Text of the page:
Technologies that use algorithms that are racially biased
This is a very complicated field. Sometimes the AI is racially biased because of the programming, sometimes it is because of the data on which the AI is trained. We give some prominent examples:

COMPAS is an algorithm widely used in the US to guide sentencing by predicting the likelihood of a criminal reoffending. In perhaps the most notorious case of AI prejudice, in May 2016 the US news organisation ProPublica reported that COMPAS is racially biased. According to the analysis, the system predicts that black defendants pose a higher risk of recidivism than they do, and the reverse for white defendants. Equivant, the company that developed the software, disputes that. It is hard to discern the truth, or where any bias might come from, because the algorithm is proprietary and so not open to scrutiny. But in any case, if a study published in January this year is anything to go by, when it comes to accurately predicting who is likely to reoffend, it is no better than random, untrained people on the internet.

And then we have PREDPOL. Already in use in several US states, PredPol is an algorithm designed to predict when and where crimes will take place, with the aim of helping to reduce human bias in policing. But in 2016, the Human Rights Data Analysis Group found that the software could lead police to unfairly target certain neighbourhoods. When researchers applied a simulation of PredPol’s algorithm to drug offences in Oakland, California, it repeatedly sent officers to neighbourhoods with a high proportion of people from racial minorities, regardless of the true crime rate in those areas. In response, PredPol’s CEO pointed out that drug-crime data does not meet the company’s objectivity threshold, and so in the real world the software is not used to predict drug crime in order to avoid bias. Even so, last year Suresh Venkatasubramanian of the University of Utah and his colleagues demonstrated that because the software learns from reports recorded by the police rather than actual crime rates, PredPol creates a “feedback loop” that can exacerbate racial biases.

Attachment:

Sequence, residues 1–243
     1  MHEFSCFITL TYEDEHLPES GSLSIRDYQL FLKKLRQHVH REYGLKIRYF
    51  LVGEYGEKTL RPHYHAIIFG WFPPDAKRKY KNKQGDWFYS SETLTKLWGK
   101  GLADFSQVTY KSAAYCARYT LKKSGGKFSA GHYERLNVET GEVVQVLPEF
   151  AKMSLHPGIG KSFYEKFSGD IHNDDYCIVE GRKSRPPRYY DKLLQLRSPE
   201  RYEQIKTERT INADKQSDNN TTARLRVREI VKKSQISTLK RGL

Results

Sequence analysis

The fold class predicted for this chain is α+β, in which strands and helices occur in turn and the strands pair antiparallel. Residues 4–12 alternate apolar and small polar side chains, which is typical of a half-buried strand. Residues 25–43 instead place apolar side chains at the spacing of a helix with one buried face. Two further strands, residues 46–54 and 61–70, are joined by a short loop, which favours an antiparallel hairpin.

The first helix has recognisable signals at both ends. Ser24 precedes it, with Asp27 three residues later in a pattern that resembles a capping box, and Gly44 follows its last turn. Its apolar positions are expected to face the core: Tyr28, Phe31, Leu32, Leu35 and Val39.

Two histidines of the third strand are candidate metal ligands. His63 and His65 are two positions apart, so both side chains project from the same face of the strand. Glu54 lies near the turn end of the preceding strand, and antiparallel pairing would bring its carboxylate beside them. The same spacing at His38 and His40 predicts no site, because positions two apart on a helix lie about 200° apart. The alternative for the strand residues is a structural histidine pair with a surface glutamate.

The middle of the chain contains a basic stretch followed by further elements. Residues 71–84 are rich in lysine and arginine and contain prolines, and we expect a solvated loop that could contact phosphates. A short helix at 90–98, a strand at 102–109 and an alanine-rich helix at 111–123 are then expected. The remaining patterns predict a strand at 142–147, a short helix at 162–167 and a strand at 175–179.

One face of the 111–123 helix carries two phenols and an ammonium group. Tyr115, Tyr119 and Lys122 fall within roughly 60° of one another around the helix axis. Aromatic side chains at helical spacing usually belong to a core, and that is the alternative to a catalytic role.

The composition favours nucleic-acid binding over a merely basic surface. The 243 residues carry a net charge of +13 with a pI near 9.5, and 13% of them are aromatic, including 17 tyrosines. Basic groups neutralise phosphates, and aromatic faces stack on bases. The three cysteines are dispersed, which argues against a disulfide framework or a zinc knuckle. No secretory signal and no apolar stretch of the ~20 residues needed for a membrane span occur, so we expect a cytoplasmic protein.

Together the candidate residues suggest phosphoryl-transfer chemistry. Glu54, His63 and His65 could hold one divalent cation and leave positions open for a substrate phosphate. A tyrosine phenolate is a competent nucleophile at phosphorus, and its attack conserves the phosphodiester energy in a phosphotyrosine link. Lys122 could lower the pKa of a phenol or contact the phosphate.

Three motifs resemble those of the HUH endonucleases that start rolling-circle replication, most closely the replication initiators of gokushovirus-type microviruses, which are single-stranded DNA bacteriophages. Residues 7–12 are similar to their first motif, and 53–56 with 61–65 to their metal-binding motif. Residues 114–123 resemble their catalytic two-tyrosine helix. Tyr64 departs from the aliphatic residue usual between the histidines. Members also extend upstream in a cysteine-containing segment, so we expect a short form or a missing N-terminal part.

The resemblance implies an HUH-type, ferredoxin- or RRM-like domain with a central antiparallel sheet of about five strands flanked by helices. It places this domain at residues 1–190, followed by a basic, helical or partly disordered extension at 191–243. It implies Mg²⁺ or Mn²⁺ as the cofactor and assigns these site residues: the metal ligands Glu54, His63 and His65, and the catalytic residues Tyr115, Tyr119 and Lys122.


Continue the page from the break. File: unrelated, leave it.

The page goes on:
Some other prominent examples are Google identifying black people as gorilla’s after an image search. or what about this 30 second video about Google’s idea about three black/white teenagers:

Technologies that are coded in a such way that they can lead to racism
In crashcourse five (stakeholders & platforms) we talked about the fact that platforms are opinions or woldviews translated in code. So, for example if AirBnB shows the ethnicity of someone that wants to rent a room, then it could become harder for certain people to rent a room. There is a lot of research that shows that it is harder for an African American person to rent a (popular) AirBnB. There even is a NoirBnB. This does not automatically mean that AirBnB is racist, but the way it is designed can have these results. Does an Uberdriver see the ethnicity of is next customer? On, do the best ideas get the most money? Or do the white men with ideas get the most money? On GoFundMe, does the best charity gets the most money? Or does the money go to the white little girls with the suburban parents?